Doctors may want to perform blood tests to diagnose a deficiency and perhaps prescribe treatments such as testosterone injections.

Other factors that could cause a decrease in the amount of ejaculate include dehydration or excessive porn consumption.

Dr. White also expressed concern about weakened ejaculations, or when fluid is released from the body with less force.

He said this is likely the result of a weakening of the pelvic floor muscles.

To treat this, Dr. White recommended increasing exercise, including squats and crunches that work the pelvic floor.


If you notice an unpleasant odor in the genital area, it is likely due to an accumulation of dead cells and bacteria caused by poor hygiene.

This affects both circumcised and uncircumcised men.

If the area is not washed properly for longer periods, men can develop a nasty yeast infection called balantitis, which causes the foreskin around the head of the penis to become red and swollen.

To avoid this, doctors recommend washing the area once a day with warm water and soap..

However, they advise against doing this more regularly because it can increase the risk of skin irritations.


The average man should urinate six to seven times a day, doctors say.

But surveys suggest that three-quarters of men may not reach this frequency due to dehydration.

Dr. White said not urinating often enough can increase the risk of kidney problems, including kidney stones: hard deposits of minerals and acidic salts that stick in concentrated urine.

Stones require surgery to remove them, which can be painful.

About 11 percent of men and six percent of women get kidney stones at least once in their lives.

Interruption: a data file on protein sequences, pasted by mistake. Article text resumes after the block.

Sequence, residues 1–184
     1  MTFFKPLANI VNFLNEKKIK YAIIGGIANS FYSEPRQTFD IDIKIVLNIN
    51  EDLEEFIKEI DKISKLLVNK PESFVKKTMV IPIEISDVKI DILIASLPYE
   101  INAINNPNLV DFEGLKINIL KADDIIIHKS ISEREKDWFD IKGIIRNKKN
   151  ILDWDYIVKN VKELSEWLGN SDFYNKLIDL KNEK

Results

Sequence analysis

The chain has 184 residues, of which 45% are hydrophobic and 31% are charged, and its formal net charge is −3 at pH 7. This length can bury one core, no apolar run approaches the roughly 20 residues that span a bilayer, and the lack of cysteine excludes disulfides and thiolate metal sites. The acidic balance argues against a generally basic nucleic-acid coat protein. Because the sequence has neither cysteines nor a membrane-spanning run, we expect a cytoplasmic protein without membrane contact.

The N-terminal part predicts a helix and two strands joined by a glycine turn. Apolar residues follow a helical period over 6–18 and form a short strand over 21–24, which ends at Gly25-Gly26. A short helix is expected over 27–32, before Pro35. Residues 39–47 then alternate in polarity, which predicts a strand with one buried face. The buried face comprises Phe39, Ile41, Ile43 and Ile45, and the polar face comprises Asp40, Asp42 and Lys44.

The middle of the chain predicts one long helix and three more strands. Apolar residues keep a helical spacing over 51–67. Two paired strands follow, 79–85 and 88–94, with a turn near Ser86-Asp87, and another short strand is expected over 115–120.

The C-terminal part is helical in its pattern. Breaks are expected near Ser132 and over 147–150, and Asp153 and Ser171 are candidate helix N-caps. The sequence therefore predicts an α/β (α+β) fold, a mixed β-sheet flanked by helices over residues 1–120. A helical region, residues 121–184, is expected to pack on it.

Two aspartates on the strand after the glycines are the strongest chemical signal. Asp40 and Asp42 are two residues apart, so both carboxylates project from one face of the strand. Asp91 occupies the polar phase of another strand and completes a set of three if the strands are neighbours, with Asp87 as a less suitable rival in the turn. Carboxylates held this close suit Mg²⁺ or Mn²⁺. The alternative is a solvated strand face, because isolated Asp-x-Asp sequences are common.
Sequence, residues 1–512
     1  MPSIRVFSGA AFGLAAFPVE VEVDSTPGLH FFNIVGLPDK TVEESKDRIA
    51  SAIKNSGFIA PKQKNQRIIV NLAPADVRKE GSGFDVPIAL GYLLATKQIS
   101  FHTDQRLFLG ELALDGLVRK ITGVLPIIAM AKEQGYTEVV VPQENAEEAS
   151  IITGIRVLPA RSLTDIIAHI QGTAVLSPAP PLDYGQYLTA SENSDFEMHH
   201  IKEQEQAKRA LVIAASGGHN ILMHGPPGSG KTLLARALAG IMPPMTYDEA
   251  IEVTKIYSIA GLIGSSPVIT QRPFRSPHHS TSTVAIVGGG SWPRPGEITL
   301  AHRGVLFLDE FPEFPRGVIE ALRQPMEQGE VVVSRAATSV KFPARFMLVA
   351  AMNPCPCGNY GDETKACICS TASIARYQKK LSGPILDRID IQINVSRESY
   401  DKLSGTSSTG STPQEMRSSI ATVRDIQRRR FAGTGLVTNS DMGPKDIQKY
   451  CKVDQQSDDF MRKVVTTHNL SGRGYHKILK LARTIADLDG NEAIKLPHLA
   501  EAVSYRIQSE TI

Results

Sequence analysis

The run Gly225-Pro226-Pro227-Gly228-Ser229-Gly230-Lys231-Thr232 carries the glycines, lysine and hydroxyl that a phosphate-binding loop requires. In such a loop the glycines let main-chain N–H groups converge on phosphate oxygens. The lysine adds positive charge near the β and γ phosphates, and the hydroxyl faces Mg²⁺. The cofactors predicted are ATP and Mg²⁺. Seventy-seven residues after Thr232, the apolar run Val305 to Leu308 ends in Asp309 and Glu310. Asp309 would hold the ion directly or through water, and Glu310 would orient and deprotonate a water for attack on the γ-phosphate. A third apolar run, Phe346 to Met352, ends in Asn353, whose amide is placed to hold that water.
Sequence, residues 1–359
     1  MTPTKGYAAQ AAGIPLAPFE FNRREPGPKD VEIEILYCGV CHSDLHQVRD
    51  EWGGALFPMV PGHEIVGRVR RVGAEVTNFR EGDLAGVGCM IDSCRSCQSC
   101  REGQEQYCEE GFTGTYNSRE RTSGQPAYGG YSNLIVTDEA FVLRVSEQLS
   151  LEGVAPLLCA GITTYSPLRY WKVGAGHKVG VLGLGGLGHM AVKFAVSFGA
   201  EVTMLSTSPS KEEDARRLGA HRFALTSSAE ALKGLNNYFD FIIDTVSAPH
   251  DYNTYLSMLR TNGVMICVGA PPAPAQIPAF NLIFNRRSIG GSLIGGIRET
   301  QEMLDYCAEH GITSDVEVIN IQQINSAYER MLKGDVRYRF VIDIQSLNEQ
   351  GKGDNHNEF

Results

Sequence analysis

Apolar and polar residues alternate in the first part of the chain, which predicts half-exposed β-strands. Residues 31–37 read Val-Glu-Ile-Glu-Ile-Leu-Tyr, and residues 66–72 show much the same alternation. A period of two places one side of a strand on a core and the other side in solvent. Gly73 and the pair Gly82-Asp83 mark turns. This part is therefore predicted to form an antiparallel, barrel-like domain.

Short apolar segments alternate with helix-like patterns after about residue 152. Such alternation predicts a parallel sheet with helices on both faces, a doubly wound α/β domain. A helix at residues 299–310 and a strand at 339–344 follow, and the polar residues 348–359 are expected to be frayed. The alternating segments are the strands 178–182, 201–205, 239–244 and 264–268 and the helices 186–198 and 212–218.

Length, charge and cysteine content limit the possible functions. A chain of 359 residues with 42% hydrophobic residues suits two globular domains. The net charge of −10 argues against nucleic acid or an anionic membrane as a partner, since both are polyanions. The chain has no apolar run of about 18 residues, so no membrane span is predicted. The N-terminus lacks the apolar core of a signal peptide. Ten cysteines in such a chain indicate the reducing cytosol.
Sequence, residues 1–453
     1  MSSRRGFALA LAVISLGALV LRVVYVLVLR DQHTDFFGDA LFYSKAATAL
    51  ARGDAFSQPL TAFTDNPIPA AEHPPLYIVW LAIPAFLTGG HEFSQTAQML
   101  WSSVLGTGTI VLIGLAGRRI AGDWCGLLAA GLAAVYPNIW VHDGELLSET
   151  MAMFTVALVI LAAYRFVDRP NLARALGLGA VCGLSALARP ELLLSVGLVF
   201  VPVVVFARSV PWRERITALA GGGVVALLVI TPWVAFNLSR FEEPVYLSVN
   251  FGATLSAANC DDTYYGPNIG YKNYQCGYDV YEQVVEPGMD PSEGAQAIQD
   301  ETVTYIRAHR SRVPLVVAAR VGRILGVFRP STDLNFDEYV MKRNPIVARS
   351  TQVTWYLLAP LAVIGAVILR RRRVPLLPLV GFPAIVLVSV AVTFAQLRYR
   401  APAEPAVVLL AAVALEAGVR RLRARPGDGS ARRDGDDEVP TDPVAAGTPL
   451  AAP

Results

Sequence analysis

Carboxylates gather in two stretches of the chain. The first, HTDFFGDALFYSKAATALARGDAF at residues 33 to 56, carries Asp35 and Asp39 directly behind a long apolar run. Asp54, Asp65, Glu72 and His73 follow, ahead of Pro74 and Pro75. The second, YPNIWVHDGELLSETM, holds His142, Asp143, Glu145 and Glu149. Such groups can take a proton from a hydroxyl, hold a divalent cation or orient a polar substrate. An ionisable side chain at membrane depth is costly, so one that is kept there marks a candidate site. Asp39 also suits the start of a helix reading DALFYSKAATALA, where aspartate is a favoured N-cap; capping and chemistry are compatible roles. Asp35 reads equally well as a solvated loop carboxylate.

A weaker stream may be a sign of weakened pelvic floor muscles, making men less able to expel urine from the body.

Dr. White says it’s also important to be careful about urinating more frequently. This could be a sign of diabetes: the body uses urine to expel excess glucose.

In older men, frequent urination may be a sign of an enlarged prostate, which grows with age and can put pressure on the bladder.

Doctors say men should drink 15 glasses of water a day to avoid dehydration.


It’s normal to have some curvature in the penis, says Dr. White.

However, if it is pronounced (for example, approaching a right angle), it could be a sign of Peyronie’s disease.

This occurs when scar tissue has formed in the penis, which does not expand along with the rest of the organ when erect, causing a curvature.

It often forms as a result of injury to the penis, such as through sports or rigorous sexual intercourse.

Dr. White said the condition can make men unable to have sex and cause self-image problems, leading many to have difficulty maintaining an erection in front of others.

To treat the condition, many doctors recommend traction therapy, in which someone places a device on the penis that helps correct the curve.